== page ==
Macleod's First text-book of elocution

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Page 37 - What sought they thus afar ? Bright jewels of the mine? The wealth of seas, the spoils of war ? They sought a faith's pure shrine. Ay, call it holy ground, The soil where first they trod; They have left unstained what there they found,— Freedom to worship God.
Page 113 - Cromwell, I did not think to shed a tear In all my miseries ; but thou hast forced me, Out of thy honest truth, to play the woman. Let's dry our eyes: and thus far hear me, Cromwell; And, when I am forgotten, as I shall be, And sleep in dull, cold marble, where no mention Of me...
Page 115 - Be not too tame, neither, but let your own discretion be your tutor; suit the action to the word, the word to the action ; with this special observance, that you o'erstep not the modesty of nature ; for anything so overdone is from the purpose of playing, — whose end, both at the first and now, was and is, to hold, as 't were, the mirror up to Nature ; to show virtue her own feature ; scorn, her own image ; and the very age and body of the time, his form and pressure.
Page 74 - Cameron's gathering" rose, The war-note of Lochiel, which Albyn's hills Have heard, and heard, too, have her Saxon foes: How in the noon of night that pibroch thrills Savage and shrill ! But with the breath which fills Their...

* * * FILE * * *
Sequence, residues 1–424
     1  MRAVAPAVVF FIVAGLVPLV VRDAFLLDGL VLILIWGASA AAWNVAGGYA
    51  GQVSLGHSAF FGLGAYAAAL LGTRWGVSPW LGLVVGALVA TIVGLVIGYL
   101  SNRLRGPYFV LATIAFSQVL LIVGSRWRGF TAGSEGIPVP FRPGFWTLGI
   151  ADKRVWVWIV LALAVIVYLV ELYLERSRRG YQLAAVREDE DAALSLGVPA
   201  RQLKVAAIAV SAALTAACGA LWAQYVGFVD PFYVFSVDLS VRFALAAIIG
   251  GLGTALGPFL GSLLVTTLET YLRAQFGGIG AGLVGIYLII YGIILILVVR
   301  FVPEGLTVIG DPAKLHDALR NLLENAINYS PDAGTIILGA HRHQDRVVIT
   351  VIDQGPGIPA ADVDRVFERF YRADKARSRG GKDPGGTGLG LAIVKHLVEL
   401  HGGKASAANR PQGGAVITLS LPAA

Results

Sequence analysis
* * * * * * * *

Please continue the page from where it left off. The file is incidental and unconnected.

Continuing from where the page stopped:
Page 75 - Her home is on the deep. With thunders from her native oak She quells the floods below — As they roar on the shore, When the stormy winds do blow ; When the battle rages loud and long, And the stormy winds do blow.
Page 111 - O, how wretched Is that poor man, that hangs on princes' favours ! There is, betwixt that smile we would aspire to, That sweet aspect of princes, and their ruin,* More pangs and fears than wars or women have ; And when he falls, he falls like Lucifer, Never to hope again.
Page 75 - And the stormy winds do blow. The spirits of your fathers Shall start from every wave ! — For the deck it was their field of fame, And Ocean was their grave : Where Blake and mighty Nelson fell Your manly hearts shall glow, As ye sweep through the deep...
Page 79 - Then, methought, the air grew denser, perfumed from an unseen censer Swung by seraphim whose foot-falls tinkled on the tufted floor. "Wretch," I cried, "thy God hath lent thee— by these angels he hath sent thee Respite— respite and nepenthe from thy memories of Lenore! Quaff, oh quaff this kind nepenthe, and forget this lost Lenore!
Page 59 - BREATHES there the man with soul so dead, Who never to himself hath said, This is my own, my native land ! Whose heart hath ne'er within him burned, As home his footsteps he hath turned From wandering on a foreign strand ! If such there breathe, go, mark him well...
Page 110 - Weep no more, woful shepherds, weep no more, For Lycidas your sorrow is not dead, Sunk though he be beneath the wat'ry floor; So sinks the daystar in the ocean bed, And yet anon repairs his drooping head, And tricks his beams, and with new-spangled ore Flames in the forehead of the morning sky...

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